Persistent optimism: Emilia Díaz-Struck's journey from Caracas, Venezuela to becoming GIJN’s new executive director

Emilia Díaz-Struck has gone from the classrooms of the Universidad Central de Venezuela to a leadership post in Washington in one of the most important organizations that supports, promotes and produces resources for investigative journalism worldwide. The work of Díaz-Struck, the appointed incoming executive director of the Global Investigative Journalism Network (GIJN), shows that collaboration and networking are the best responses to the difficult challenges journalism has faced and continues to face. 

Díaz-Struck's first foray into journalism was at the newspaper of the Central University of Venezuela (UCV, by its Spanish acronym): Hora Universitaria [Campus Hour]. She then jumped to the evening newspaper El Mundo (now discontinued) in Caracas, where she pioneered computer-assisted journalism, now known as data journalism.

Díaz-Struck began experimenting with the use of Excel and databases in Venezuelan journalism when no one else was doing it. 

"I remember that, already at that time, I was looking for inspiration from journalists who were making a difference and who were doing things differently...I was like that weirdo in a newsroom, looking at an Excel every day," Díaz-Struck told LatAm Journalism Review (LJR).

By that time, at the end of the 2000's, a process of restrictions was starting to be created in Venezuela that diminished the possibility of sharing in the media opinions different from those of then-President Hugo Chávez's government. In addition, at that time, the price of Venezuelan crude oil began a decline, carrying along a public debt that affected citizens.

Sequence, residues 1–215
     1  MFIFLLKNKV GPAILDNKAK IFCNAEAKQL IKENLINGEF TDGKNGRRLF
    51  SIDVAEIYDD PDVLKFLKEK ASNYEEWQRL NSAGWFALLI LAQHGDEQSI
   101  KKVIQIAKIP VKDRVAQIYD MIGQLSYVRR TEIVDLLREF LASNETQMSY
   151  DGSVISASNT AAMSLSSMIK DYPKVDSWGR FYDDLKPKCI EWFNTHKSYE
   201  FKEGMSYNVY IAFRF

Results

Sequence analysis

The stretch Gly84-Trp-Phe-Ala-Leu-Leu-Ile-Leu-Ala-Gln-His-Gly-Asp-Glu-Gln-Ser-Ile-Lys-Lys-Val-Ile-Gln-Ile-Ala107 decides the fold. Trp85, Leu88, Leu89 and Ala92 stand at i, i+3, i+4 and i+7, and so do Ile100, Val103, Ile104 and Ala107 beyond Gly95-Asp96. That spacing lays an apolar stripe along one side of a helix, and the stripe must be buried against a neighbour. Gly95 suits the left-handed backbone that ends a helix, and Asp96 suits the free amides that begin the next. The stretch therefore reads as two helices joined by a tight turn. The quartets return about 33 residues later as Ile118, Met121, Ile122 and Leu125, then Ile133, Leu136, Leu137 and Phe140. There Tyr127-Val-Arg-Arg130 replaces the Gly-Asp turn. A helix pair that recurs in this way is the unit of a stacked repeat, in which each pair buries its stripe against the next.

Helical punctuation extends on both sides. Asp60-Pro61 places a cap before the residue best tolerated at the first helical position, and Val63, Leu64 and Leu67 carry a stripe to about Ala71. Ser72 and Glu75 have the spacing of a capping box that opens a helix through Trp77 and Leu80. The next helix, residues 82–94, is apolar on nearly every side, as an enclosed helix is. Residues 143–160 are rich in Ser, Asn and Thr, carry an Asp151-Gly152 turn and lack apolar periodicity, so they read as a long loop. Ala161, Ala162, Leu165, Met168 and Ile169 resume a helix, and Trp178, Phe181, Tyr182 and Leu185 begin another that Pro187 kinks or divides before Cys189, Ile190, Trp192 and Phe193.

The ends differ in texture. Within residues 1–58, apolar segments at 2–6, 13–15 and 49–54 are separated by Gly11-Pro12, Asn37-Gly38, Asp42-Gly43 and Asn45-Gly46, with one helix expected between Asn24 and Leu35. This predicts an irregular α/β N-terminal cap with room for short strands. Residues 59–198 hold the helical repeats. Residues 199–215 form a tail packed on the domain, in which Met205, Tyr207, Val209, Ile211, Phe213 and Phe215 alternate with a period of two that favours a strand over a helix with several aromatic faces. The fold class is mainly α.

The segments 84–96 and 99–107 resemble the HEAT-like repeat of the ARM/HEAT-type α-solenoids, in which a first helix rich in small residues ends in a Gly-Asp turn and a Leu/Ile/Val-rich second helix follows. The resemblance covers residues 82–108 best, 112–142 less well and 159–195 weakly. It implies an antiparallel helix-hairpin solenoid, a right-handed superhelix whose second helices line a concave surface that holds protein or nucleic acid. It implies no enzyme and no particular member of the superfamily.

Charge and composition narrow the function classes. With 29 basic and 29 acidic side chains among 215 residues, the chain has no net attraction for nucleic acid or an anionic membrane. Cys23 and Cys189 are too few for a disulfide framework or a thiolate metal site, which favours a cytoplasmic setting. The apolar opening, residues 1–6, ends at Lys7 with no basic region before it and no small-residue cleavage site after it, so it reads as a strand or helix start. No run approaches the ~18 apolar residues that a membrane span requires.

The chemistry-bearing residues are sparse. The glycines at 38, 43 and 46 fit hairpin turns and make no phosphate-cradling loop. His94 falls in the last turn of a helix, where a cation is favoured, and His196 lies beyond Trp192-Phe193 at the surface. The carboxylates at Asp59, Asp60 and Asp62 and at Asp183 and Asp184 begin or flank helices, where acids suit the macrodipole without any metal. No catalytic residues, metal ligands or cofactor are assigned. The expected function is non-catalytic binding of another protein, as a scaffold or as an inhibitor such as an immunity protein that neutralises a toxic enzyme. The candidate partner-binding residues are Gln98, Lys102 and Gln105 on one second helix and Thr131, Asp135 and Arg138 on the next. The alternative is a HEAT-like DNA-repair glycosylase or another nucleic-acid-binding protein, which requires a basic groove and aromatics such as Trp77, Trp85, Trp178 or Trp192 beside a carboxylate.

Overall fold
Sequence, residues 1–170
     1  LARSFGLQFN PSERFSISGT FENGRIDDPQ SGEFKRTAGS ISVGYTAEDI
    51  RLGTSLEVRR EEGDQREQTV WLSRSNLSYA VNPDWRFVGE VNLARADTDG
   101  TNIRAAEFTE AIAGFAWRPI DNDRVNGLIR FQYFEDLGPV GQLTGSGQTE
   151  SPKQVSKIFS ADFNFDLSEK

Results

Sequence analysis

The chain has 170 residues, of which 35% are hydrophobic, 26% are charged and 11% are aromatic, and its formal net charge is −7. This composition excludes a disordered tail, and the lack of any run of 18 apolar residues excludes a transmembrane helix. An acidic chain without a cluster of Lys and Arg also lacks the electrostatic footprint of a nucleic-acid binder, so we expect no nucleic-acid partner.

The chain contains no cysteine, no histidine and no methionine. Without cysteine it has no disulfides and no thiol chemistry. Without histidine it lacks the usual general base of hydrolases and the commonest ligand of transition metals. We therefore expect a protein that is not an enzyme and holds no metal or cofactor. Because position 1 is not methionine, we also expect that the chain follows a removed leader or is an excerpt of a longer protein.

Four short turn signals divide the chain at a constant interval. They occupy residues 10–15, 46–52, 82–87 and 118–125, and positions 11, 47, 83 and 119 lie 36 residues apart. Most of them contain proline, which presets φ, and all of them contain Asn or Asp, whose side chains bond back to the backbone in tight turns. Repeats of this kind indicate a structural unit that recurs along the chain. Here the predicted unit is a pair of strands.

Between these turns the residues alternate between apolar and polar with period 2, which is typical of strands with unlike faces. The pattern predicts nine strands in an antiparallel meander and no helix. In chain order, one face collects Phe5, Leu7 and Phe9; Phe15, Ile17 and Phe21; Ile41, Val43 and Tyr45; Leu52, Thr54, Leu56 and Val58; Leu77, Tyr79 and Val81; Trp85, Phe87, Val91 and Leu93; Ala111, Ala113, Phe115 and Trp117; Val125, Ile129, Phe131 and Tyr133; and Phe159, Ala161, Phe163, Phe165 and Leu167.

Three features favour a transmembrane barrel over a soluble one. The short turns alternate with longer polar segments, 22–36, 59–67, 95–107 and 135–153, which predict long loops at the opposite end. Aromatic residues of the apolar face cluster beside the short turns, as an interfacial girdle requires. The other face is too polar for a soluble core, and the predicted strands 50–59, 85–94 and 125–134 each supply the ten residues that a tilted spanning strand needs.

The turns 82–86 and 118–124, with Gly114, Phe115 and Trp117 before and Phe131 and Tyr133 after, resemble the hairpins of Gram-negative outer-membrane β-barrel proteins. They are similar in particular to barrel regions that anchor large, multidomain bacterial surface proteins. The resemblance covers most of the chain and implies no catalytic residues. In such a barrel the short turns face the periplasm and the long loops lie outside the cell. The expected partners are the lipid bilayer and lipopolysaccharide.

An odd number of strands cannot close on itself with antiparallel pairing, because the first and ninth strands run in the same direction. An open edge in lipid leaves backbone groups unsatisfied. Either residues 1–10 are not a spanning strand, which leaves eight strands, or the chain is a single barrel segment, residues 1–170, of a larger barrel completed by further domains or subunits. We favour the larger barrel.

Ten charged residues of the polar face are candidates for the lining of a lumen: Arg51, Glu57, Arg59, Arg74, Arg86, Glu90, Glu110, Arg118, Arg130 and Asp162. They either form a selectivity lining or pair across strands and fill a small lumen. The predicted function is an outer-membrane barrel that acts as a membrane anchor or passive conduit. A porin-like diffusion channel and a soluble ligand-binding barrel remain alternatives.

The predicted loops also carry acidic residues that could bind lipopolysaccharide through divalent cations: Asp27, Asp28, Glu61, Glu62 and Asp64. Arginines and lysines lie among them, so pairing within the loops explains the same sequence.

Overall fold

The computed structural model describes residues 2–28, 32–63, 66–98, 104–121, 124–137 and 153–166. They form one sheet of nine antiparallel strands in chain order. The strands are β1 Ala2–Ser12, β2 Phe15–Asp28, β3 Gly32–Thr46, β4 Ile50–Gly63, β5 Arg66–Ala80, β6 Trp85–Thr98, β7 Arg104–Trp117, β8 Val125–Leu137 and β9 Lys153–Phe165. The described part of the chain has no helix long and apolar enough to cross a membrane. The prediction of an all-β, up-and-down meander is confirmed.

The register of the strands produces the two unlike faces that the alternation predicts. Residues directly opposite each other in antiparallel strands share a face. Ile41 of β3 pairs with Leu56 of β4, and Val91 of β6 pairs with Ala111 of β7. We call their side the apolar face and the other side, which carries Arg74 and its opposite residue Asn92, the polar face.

a woman with glasses on a stage in a conference

Emilia Díaz-Struck during the Annual Meetings of the International Monetary Fund (IMF) and the World Bank (2016). (Photo: Ryan Rayburn/IMF)

"When I chose to do journalism, we were already in a situation of a lot of inequity, a lot of corruption, human rights violations, money laundering, a very polarized country, etc. And, for me, the answer to that whole situation was journalism. Journalism as a service to society," Díaz-Struck said. 

Some time later, she was asked to lead the research area of the Instituto Prensa y Sociedad de Venezuela (IPYS), a non-governmental organization that works for the promotion, defense and training in freedom of expression, investigative journalism and the right to information.